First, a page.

A campaigner for the legalisation of euthanasia in South Africa, Sean Davidson, was on Wednesday reportedly sentenced to eight years for murder in the Western Cape High Court.
News24 reports that Davidson had entered a plea deal which will see five of those years suspended while he will be under arrest for the other three years.
Davidson is expected to perform community service during the three years under house arrest.
It was reported that Davidson had pleaded guilty to charges of helping three individuals who sought to end their lives.
One of the three individuals is his late friend Anrich Burger who became a quadriplegic after a car crash.
The 57-year-old made international headlines in 2010 after giving his mother, who was suffering from terminal cancer, a lethal dose of morphine. He spent five months under house arrest in New Zealand.
Davison founded Dignity South Africa in 2011 to campaign for the legalisation of euthanasia in South Africa.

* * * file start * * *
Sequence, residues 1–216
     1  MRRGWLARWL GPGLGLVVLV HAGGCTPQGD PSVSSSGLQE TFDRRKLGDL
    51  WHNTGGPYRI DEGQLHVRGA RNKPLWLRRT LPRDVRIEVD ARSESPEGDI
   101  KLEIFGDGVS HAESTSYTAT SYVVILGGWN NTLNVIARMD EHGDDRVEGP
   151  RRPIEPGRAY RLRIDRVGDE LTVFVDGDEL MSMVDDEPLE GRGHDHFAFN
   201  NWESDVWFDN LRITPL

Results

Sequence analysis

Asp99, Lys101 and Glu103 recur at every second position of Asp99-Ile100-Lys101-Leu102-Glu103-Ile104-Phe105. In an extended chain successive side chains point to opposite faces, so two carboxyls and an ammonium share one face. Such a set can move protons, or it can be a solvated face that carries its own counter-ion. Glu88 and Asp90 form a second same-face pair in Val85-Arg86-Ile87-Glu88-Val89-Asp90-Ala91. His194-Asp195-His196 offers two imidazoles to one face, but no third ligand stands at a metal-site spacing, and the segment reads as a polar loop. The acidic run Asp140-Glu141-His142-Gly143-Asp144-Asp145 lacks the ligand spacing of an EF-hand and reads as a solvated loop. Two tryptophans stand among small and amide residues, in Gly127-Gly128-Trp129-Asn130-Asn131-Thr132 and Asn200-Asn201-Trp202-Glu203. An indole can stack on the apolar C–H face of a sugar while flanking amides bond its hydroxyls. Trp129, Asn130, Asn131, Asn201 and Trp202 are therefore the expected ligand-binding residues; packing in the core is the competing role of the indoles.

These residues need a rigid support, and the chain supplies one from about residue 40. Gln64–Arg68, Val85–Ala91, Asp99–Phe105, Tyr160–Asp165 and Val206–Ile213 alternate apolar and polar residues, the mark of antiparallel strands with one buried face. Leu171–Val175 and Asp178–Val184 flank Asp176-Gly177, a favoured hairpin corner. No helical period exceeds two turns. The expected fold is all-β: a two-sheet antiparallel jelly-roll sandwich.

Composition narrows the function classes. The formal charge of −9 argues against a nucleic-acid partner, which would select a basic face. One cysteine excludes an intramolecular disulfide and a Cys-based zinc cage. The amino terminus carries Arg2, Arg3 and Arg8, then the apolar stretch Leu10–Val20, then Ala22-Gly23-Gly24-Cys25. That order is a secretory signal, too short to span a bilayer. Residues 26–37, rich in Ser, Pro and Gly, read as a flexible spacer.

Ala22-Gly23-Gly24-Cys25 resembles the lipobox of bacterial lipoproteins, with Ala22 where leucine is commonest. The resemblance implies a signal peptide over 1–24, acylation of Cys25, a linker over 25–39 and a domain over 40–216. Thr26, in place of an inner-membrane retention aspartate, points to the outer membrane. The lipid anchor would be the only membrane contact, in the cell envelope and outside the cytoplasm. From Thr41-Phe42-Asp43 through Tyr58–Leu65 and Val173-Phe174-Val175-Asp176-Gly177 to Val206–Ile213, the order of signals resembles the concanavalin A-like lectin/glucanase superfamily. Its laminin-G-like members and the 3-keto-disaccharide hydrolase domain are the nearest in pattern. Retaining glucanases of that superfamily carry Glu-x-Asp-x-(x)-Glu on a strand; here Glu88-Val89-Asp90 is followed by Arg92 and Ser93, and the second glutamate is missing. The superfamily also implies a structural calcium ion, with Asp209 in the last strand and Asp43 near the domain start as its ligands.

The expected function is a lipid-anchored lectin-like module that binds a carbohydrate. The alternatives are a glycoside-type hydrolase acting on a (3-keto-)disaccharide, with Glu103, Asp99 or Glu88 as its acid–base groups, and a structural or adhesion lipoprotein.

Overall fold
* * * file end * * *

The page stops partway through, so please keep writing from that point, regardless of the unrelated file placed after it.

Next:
In December 2016, South Africa’s Supreme Court of Appeal overturned a ruling that granted a man the right to medically assisted death and could have opened the way to legalise euthanasia.
The government appealed against the initial judgment, saying it could lead to assisted-suicide legislation that would be open to abuse.
Medically assisted suicide or voluntary euthanasia is illegal in South Africa, but in recent years there have been growing calls for it to be legalised.
South African retired Anglican archbishop and anti-apartheid icon Desmond Tutu, 86, has previously said he would like to be allowed the option of a dignified assisted death.
(Compiled by Makhosandile Zulu. Additional reporting, ANA and AFP)